Feb 17, 2017
At some point, your child will probably notice that your family is a bit different from others, financially speaking. This can happen whether you’re a family of modest means or your income is way up in the stratosphere. There is always someone else who just has more stuff than you do.
Maybe the families around you have bigger houses, newer cars, glitzier toys, or go on more elaborate vacations than yours. Your child will eventually realize it. Then they may start asking you questions like: “Why don’t we have those cool things and how/when can we get them?”
First, know that your child isn’t necessarily a materialistic person for asking these kinds of questions. Kids naturally compare. It’s a normal part of their development to wonder who they are in the world and how they fit in.
However, your child is likely to be a happier, more content and more grateful kid if you help them understand that constant comparing can make them cranky. Plus, it’s not always good or necessary to have the same “stuff” that other people have. Here are some ways to discourage your kids from trying to keep up with their friends and neighbors:
Listen to your own commentary. Do you ever make snarky or wistful remarks in front of your kids about your neighbor’s new SUV or your coworkers’ latest kitchen remodel? The children are listening. Every time you say something that sounds like you wish you had more—or that the belongings and experiences you have aren’t enough—you’re teaching your child to do the same. It may be time to edit yourself.
Answer kids’ questions. When kids ask why you don’t have a bigger house or fancier car, an honest answer might be: “We certainly could buy a larger house, but this one is just right for us. Plus, we’d rather use the extra money (that a big house) would cost to let you play travel soccer/ visit the grandparents more often/ make sure you have money for college, etc.”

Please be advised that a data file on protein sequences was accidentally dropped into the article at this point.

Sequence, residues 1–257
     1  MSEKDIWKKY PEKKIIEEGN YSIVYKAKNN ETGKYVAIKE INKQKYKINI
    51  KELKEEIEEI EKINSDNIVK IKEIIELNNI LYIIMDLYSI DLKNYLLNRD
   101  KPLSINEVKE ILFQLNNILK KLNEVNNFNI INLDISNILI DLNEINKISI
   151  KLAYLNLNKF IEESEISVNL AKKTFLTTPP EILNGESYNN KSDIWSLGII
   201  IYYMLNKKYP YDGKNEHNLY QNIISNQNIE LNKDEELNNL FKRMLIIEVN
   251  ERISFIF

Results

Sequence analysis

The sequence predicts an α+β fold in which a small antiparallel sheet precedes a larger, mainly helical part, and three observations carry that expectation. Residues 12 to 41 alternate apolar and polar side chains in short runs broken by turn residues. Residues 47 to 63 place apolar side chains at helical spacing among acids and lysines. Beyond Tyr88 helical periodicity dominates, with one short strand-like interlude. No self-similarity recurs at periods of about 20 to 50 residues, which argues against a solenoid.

Consider your children’s peers. It’s awesome that you bought a house in a great neighborhood so your kids can go to a top-notch public school. However, your kids’ social circle may be pretty affluent. Do all of your kid’s peers have designer clothes and expensive shoes? If so, that expectation could rub off your child.
No, you don’t have to move to a different zip code in order to burst your child’s materialistic bubble. However, consider enrolling your child in a scout troop or other activities in another part of town. Your kids may have a chance to meet friends who come from a more diverse range of families. They’ll quickly see that many kids happily get by with a lot fewer luxuries.
Encourage volunteerism. Teens can serve meals to the homeless or help deliver food to homebound residents. Younger children can go with you to a senior center and play games with residents.
Helping others is a great way to encourage kids to develop an attitude of gratitude. It’s much harder for kids to whine about wanting expensive electronics when they realize that some folks don’t even have enough to eat or can no longer walk without help.
Let them earn it. There are times when your child may really, really want something that’s a bit more expensive than you would normally buy them. Maybe it’s a certain backpack brand that’s currently popular at school or a smartphone with extra features, just like their friend’s. As long as the purchase doesn’t go against your family values, consider greenlighting it.
However, this is an ideal time to let kids save up and pay for all or part of the item themselves. Why:
When kids put their own money toward a purchase, they tend to treat their belongings better and appreciate them longer.
Your child might decide that the gadget just isn’t worth it—even if it’s the “it” item to have at school—if they have to shell out their own dollars.
By the way, you’re not being a mean parent—and you’re not dooming your children to be a social outcast—when you discourage them from comparing their “stuff” to others. You’re actually teaching your kids to be content and appreciative about the things that really matter.
(photo courtesy © Zack Weinberg cc2.0)
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